A third, and largely unknown, factor in the ability of Italy to hold together as a democracy was the presence of covert action in the context of the Cold War. There was a major shift to the left in Europe during the aftermath of World War Two and Italy was no exception. The communists had a powerful movement within the country the preceded liberation. It was only through some exceptional political maneuvering that the communists were recruited into the resistance and liberation movement, some of the communists hoping that the Allies would have a continued cooperation with the USSR after the war concluded (O’Donnell). During the municipal elections, the communists did better than previously expected by the Allies causing great concern for the future of democracy in Italy.

As the Cold War continued to polarize Italy, the Christian Democrats worked directly with America while the Communists worked directly with the USSR, at least until a schism between the two several decades later. While the communists were kicked out of the formal government in 1947, they maintained a powerful underground. While covert action, in terms of OSS destabilization campaigns, can be seen as a periphery cause of democracy, the covert actions of NATO can also be seen as a major reason why Italy became, and remained, a democracy instead of falling to the communist menace. These covert actions fell under the umbrella of Operation Gladio which induced strategic social tension in Italian political life by using CIA-sponsored acts of terror under the guise of “Red Terrorism” to create a political backlash against communism (Willan).

Historical analysis and comparative methods show that Italy democratized for numerous reasons including defeat in World War Two, the failure of fascism as a political system, the existence of institutions with a cultural and historical foundation that held power outside of fascism, the ability of these groups to form coalitions under Allied supervision, with covert action having a background stabilizing effect that kept Italy looking West towards London and Washington rather than East towards Moscow.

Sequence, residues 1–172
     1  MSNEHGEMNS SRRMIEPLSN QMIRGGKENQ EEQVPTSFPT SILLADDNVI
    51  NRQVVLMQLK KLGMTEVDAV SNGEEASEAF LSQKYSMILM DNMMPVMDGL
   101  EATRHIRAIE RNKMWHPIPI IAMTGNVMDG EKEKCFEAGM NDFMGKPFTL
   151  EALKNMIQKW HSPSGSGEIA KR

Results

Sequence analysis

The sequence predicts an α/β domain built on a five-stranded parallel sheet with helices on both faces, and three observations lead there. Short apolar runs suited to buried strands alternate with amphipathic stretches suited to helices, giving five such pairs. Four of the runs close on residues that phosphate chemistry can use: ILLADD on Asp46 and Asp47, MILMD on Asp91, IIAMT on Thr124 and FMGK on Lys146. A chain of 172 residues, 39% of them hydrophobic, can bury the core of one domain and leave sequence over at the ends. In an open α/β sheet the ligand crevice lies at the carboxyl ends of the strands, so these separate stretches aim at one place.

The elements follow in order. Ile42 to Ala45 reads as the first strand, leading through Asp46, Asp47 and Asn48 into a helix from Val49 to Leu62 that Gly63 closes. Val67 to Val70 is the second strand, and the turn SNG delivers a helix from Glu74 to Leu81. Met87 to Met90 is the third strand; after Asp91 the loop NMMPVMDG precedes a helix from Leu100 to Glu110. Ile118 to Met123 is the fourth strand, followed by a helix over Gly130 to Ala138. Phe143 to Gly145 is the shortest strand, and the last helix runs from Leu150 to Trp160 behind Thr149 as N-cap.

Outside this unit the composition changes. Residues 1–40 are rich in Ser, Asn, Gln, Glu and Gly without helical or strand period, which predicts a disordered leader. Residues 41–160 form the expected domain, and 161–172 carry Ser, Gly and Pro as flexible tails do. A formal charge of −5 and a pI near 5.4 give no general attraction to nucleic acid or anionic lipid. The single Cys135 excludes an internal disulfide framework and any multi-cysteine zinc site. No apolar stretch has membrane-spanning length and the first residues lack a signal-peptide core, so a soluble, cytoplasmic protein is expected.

Source Citations:

Hansen, Eric G. “The Italian Military Enigma.” Command and Staff College. 23 February 2012. Web.

Huntington, Samuel P. “The Third Wave: Democratization in the Late Twentieth Century.” University of Oklahoma Press, 1993. Print.

O’Donnell, Guillermo, Philippe C. Schmitter, and Laurence Whitehead. Transitions for Authoritarian Rule, Volume One, Southern Europe. The Johns Hopkins University Press, 1986. Print.

Willan, Philip. The Puppet Masters. Author’s Choice Press, 2002. Print.


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4 responses to “Italy’s Transition to Democracy

  1. John

    Interesting – I’ll have to dig into your sources sometime. The covert keystone is a new one to me completely. Does your research show this in other countries as well? France, Turkey, Thailand etc…

    • John, interestingly the answer is yes. Gladio is the name given to the Italian program, uncovered only because it was exposed. However, NATO para-military stay behind units existed in every or nearly every NATO nation including Turkey. I’ve also uncovered links between this network and Sistema Condor which was a right-wing assassination program by the governments of South America. Another interesting aspect about these anti-communists cells is that this was just the military component. I’ve been told that there was also a political and economic component and of that I’ve seen nothing in print. This may relate to Le Cercle and other shadowy groups that seem to hate democracy as much as they hate communism.

      • PS: I got a B on this paper for going off the reservation!

      • John

        Interesting that the political and economic programs are harder to find. We have discussed Le Cercle before, it sure looks like these groups have excellent cover and are the real destroyers of freedom. They eventually throw one of their tools (the military tool) out to the press to show their goodness in putting down those foul miltary dictators – all a smokescreen.
        I am a deep hater of communism/fascism/Marxism/National Socialists because I believe the names are all cover for the same tyranny (it is now progressivism) but it seems they are ahead all the time in reaching for ultimate power when we use the covert keystone to hold them down.
        I bet your prof did not like your theory! Flies in the face of the ballot box being king, a little side persuasion goes a long ways.
        Wag the Dog as the saying goes.